Type: Article , PeerReviewed , info:eu-repo/semantics/article
    Format: text
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  • 5
    Publication Date: 2020-02-06
    Description: The European Research Infrastructure Consortium “Integrated Carbon Observation System” (ICOS) aims at delivering high quality greenhouse gas (GHG) observations and derived data products (e.g., regional GHG-flux maps) for constraining the GHG balance on a European level, on a sustained long-term basis. The marine domain (ICOS-Oceans) currently consists of 11 Ship of Opportunity lines (SOOP – Ship of Opportunity Program) and 10 Fixed Ocean Stations (FOSs) spread across European waters, including the North Atlantic and Arctic Oceans and the Barents, North, Baltic, and Mediterranean Seas. The stations operate in a harmonized and standardized way based on community-proven protocols and methods for ocean GHG observations, improving operational conformity as well as quality control and assurance of the data. This enables the network to focus on long term research into the marine carbon cycle and the anthropogenic carbon sink, while preparing the network to include other GHG fluxes. ICOS data are processed on a near real-time basis and will be published on the ICOS Carbon Portal (CP), allowing monthly estimates of CO2 air-sea exchange to be quantified for European waters. ICOS establishes transparent operational data management routines following the FAIR (Findable, Accessible, Interoperable, and Reusable) guiding principles allowing amongst others reproducibility, interoperability, and traceability. The ICOS-Oceans network is actively integrating with the atmospheric (e.g., improved atmospheric measurements onboard SOOP lines) and ecosystem (e.g., oceanic direct gas flux measurements) domains of ICOS, and utilizes techniques developed by the ICOS Central Facilities and the CP. There is a strong interaction with the international ocean carbon cycle community to enhance interoperability and harmonize data flow. The future vision of ICOS-Oceans includes ship-based ocean survey sections to obtain a three-dimensional understanding of marine carbon cycle processes and optimize the existing network design.
    Type: Article , PeerReviewed , info:eu-repo/semantics/article
    Format: text
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  • 6
    Publication Date: 2020-02-12
    Description: The oceans play a key role in global issues such as climate change, food security, and human health. Given their vast dimensions and internal complexity, efficient monitoring and predicting of the planet’s ocean must be a collaborative effort of both regional and global scale. A first and foremost requirement for such collaborative ocean observing is the need to follow well-defined and reproducible methods across activities: from strategies for structuring observing systems, sensor deployment and usage, and the generation of data and information products, to ethical and governance aspects when executing ocean observing. To meet the urgent, planet-wide challenges we face, methods across all aspects of ocean observing should be broadly adopted by the ocean community and, where appropriate, should evolve into “Ocean Best Practices.” While many groups have created best practices, they are scattered across the Web or buried in local repositories and many have yet to be digitized. To reduce this fragmentation, we introduce a new open access, permanent, digital repository of best practices documentation (〈ext-link ext-link-type="uri" xlink:href="http://oceanbestpractices.org" xmlns:xlink="http://www.w3.org/1999/xlink"〉oceanbestpractices.org〈/ext-link〉) that is part of the Ocean Best Practices System (OBPS). The new OBPS provides an opportunity space for the centralized and coordinated improvement of ocean observing methods. The OBPS repository employs user-friendly software to significantly improve discovery and access to methods. The software includes advanced semantic technologies for search capabilities to enhance repository operations. In addition to the repository, the OBPS also includes a peer reviewed journal research topic, a forum for community discussion and a training activity for use of best practices. Together, these components serve to realize a core objective of the OBPS, which is to enable the ocean community to create superior methods for every activity in ocean observing from research to operations to applications that are agreed upon and broadly adopted across communities. Using selected ocean observing examples, we show how the OBPS supports this objective. This paper lays out a future vision of ocean best practices and how OBPS will contribute to improving ocean observing in the decade to come.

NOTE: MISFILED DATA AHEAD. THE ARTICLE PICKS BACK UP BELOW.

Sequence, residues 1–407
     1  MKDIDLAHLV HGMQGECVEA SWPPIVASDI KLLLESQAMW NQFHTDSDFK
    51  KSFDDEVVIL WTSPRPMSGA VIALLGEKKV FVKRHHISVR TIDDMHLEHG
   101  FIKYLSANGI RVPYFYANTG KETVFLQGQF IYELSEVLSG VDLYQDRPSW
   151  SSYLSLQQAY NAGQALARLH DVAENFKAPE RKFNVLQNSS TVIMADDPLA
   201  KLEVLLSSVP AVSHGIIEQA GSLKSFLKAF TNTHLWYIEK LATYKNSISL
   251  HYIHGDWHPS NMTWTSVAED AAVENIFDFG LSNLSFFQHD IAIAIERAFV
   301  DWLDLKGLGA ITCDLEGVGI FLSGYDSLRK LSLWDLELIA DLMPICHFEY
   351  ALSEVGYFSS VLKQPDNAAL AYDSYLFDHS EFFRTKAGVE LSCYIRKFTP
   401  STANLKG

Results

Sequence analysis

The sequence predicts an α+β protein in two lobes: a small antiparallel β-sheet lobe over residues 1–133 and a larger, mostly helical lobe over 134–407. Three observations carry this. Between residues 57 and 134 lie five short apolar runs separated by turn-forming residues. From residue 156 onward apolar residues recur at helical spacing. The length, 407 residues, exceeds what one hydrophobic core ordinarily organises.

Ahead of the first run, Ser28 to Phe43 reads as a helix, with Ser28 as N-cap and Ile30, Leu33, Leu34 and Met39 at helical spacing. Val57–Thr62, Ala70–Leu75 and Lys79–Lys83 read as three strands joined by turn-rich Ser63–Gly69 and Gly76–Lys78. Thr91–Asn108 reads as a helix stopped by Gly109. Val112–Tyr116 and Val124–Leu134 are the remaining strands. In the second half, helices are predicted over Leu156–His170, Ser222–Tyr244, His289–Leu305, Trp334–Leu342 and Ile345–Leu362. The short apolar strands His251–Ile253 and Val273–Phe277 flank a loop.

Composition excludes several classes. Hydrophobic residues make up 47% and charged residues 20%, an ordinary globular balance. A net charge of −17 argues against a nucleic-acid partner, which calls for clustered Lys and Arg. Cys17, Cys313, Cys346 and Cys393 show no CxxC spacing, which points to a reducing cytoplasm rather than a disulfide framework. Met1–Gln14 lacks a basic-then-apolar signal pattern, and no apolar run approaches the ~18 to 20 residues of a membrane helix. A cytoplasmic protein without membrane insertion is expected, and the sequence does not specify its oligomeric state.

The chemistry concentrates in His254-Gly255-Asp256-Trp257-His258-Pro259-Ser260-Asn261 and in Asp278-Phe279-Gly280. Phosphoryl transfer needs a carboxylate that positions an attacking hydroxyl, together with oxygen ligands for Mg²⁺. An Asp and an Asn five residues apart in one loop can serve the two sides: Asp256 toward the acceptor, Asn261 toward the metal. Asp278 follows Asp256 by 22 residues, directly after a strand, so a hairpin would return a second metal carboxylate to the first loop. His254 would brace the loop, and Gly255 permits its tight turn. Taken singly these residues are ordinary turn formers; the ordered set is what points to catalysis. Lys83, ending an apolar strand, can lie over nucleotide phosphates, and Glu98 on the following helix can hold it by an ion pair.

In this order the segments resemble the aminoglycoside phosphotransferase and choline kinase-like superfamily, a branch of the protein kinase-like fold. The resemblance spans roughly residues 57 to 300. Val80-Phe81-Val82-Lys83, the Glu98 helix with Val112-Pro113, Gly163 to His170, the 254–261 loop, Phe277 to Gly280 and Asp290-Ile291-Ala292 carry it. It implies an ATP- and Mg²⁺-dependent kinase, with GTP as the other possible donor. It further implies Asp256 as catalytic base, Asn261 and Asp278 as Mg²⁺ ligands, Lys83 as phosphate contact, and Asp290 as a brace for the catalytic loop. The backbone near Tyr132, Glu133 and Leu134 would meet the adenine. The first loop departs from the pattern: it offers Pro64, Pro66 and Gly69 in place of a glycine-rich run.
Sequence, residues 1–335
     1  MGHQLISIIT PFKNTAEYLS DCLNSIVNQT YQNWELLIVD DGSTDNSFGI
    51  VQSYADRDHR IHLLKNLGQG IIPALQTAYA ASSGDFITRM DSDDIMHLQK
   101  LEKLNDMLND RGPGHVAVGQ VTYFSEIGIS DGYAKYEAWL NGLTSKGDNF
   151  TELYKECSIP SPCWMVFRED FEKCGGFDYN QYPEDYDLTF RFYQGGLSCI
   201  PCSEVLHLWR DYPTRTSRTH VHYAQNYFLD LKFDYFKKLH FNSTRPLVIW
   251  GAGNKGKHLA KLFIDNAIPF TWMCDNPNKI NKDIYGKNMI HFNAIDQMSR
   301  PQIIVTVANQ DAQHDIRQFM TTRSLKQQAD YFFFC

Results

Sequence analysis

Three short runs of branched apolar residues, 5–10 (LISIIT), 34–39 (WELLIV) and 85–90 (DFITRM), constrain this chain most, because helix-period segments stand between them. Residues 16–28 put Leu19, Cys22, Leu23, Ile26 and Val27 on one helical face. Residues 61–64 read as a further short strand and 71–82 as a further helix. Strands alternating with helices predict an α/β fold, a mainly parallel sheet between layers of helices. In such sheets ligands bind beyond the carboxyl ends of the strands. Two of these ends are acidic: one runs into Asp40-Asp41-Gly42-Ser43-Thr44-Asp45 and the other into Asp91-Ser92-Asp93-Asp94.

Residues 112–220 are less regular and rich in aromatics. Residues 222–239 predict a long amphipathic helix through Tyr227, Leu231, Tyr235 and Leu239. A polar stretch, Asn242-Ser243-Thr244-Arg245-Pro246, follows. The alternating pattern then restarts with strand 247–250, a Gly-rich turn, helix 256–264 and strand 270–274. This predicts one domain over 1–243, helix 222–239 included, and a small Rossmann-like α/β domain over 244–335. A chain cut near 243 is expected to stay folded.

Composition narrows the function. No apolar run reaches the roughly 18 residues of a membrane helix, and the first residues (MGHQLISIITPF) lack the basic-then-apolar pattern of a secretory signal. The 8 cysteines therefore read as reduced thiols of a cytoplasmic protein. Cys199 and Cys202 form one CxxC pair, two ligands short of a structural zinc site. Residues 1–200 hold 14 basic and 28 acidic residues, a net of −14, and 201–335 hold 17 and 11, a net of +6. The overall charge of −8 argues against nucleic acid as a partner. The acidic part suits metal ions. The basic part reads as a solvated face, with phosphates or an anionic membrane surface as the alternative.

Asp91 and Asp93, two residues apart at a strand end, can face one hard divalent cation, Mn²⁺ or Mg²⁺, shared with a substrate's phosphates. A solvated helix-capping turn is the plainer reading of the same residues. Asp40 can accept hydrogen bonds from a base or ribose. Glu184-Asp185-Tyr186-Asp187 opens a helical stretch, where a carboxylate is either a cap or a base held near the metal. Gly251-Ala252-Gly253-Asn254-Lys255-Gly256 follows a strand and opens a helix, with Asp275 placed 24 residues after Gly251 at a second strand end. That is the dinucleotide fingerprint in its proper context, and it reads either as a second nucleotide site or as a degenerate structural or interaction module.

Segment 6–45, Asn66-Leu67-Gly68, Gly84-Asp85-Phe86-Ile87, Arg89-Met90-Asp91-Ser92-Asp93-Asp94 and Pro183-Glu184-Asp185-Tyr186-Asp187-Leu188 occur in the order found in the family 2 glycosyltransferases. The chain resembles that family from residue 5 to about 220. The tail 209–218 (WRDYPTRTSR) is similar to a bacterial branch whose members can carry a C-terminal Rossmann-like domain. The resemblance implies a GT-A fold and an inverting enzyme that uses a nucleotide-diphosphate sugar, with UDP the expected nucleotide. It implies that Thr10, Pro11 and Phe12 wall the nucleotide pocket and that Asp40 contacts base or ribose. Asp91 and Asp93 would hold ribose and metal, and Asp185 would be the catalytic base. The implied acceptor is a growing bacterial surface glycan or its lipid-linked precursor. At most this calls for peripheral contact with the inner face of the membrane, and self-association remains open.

Repository Name: EPIC Alfred Wegener Institut
    Type: Article , NonPeerReviewed , info:eu-repo/semantics/article
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  • 10
    Publication Date: 2015-01-01
    Description: Oceanic ambient noise measurements can be analyzed to obtain qualitative and quantitative information about wind and rainfall phenomena over the ocean filling the existing gap of reliable meteorological observations at sea. The Ligurian Sea Acoustic Experiment was designed to collect long-term synergistic observations from a passive acoustic recorder and surface sensors (i.e., buoy mounted rain gauge and anemometer and weather radar) to support error analysis of rainfall rate and wind speed quantification techniques developed in past studies. The study period included combination of high and low wind and rainfall episodes and two storm events that caused two floods in the vicinity of La Spezia and in the city of Genoa in 2011. The availability of high resolution in situ meteorological data allows improving data processing technique to detect and especially to provide effective estimates of wind and rainfall at sea. Results show a very good correspondence between estimates provided by passive acoustic recorder algorithm and in situ observations for both rainfall and wind phenomena and demonstrate the potential of using measurements provided by passive acoustic instruments in open sea for early warning of approaching coastal storms, which for the Mediterranean coastal areas constitutes one of the main causes of recurrent floods.
    Print ISSN: 1687-9309
    Electronic ISSN: 1687-9317
    Topics: Geosciences , Physics
    Published by Hindawi